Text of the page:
University wary to adopt free online courses

by Aliya Karim

Administrators are skeptical about the trajectory of online education after a startup company made a splash last month by offering free online courses taught by universities’ top professors.

Udemy, a for-profit company that allows users to create and sell courses, tapped into professors’ knowledge base with the launch of The Faculty Project Jan. 26. Twelve professors at universities like Vanderbilt, Northwestern and Colgate have developed free courses in subjects ranging from public health to Russian literature and music.

The Udemy courses – which are offered for no academic credit – are presented through a combination of media, often including video mash-ups in which the professor is seen talking and outlining graphs next to a presentation. Students can post comments and questions under the lectures to which professors might respond.

GW professors are not offering any courses through the project, which cost about $500 each to develop, director of The Faculty Project Tim Parks said. The company has to select professors to participate.

Academic administrators have yet to jump on board with free online courses, citing their costly upkeep as a deterrent.

Provost Steven Lerman said the University is looking closely into the online education marketplace, which “has a lot of different models floating around,” including Massachusetts Institute of Technology’s OpenCourseWare, which Lerman helped launch 10 years ago when he was a professor there. After a decade of offering free lecture videos to students around the world, MIT will start granting certificates to students who take the courses this spring in a new program called MITx.

“The hard question is how do you sustain those [courses]. Even if you get some money to help do it at first, there’s a care and feeding cost to these things,” Lerman said. “The courses have to be updated, certainly if you want to do something like give examinations to students and give them certificates.”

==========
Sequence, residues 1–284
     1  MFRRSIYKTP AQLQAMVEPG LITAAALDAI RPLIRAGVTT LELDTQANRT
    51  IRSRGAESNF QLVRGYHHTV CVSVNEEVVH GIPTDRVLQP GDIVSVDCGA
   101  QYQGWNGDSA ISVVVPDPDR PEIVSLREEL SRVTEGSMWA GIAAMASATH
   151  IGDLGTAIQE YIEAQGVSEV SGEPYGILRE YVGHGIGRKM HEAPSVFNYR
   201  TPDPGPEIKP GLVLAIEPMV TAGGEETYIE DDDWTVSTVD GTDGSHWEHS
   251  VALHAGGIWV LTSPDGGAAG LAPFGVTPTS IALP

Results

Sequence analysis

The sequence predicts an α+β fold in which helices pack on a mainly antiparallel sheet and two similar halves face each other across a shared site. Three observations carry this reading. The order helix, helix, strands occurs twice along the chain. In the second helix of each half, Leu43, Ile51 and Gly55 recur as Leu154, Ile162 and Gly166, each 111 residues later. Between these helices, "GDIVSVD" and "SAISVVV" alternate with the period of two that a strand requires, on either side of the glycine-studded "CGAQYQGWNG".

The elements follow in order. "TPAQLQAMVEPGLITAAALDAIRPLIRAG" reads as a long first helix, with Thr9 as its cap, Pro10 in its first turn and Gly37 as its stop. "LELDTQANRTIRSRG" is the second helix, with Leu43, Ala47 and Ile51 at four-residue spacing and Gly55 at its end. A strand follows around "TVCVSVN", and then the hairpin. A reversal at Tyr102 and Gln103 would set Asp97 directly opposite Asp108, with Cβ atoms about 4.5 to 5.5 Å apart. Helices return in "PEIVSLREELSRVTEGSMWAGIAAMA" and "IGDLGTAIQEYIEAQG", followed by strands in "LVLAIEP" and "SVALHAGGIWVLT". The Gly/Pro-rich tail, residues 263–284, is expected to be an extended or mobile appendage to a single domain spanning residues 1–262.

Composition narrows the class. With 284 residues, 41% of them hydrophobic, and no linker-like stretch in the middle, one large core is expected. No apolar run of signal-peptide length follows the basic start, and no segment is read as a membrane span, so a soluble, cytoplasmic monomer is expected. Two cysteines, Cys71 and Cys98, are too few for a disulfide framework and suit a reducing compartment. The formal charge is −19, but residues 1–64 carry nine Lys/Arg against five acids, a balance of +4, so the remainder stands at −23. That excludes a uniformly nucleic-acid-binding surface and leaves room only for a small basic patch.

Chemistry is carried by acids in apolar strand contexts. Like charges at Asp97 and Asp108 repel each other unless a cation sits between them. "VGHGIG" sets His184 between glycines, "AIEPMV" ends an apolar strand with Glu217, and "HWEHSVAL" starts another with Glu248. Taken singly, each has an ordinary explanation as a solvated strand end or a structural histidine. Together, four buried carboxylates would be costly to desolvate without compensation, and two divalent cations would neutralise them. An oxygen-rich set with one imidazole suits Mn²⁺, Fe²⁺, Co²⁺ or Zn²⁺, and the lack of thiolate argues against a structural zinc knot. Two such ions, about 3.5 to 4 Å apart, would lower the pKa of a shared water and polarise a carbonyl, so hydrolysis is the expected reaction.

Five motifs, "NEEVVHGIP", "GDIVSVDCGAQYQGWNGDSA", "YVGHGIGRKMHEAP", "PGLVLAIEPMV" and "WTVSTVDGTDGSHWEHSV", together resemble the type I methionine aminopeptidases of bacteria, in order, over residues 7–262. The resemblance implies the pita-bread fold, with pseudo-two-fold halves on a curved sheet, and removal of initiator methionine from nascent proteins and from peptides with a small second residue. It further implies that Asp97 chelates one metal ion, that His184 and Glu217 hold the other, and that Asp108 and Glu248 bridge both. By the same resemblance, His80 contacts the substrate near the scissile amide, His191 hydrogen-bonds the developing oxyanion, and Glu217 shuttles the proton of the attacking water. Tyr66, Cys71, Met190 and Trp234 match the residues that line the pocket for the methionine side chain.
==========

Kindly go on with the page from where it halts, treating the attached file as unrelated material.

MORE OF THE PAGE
The University is making strides in offering more hybrid courses – taught partly in the classroom and partly online – as a way to mitigate dwindling classroom space and the pinch of the city-imposed population cap for on-campus student enrollment. GW also offers 60 degree and certificate programs that use a standard distance learning model where students never have to set foot on campus.

To keep up with the expenses of developing online options and help subsidize free course materials, some universities rely on grants or donations.

Stephen Ehrmann, vice provost for teaching and learning, said the separation between GW and elite institutions that are taking up free online education models comes from the significant grants pulled in yearly from foundations.

“GW has no plans to offer free online non-credit courses comparable to the ones offered by MIT and Stanford,” Ehrmann said. “When we get large gifts or foundation support, I’d like to see us use it to improve the education of GW students who are working hard to earn a degree,” instead of outside students seeking free online courses, he said.

Likening free online courses to “public television or the New York Public Library,” Ehrmann said, “You have to have a lot of money to offer them. If you can do it, it can be a real public service.”

Especially as tuition costs are spotlighted nationwide, Robert Garland, a Colgate professor who is teaching ancient Greek religion through Udemy, said no-cost courses open doors for people who cannot otherwise afford higher education.

“This is an important issue for all institutions of higher learning, that online learning is here to stay. What format classes will be in and how they’ll impact higher learning is not clear at this moment,” Garland said. “I certainly believe in trying to promote learning to a wider group of people.”

Other online education issues, including the costs of courses, will be on the docket for GW's six-month-old Teaching and Learning Collaborative this spring, the advisory board’s lead faculty member Rahul Simha said.

The 19-person board was created to examine teaching strategies toward boosting student engagement in the classroom.

“It’s exciting that today’s technology allows certain kinds of scaling and cost efficiencies, so institutions of higher education need to figure out how to make use of that,” Simha, who is also a computer science professor, said.

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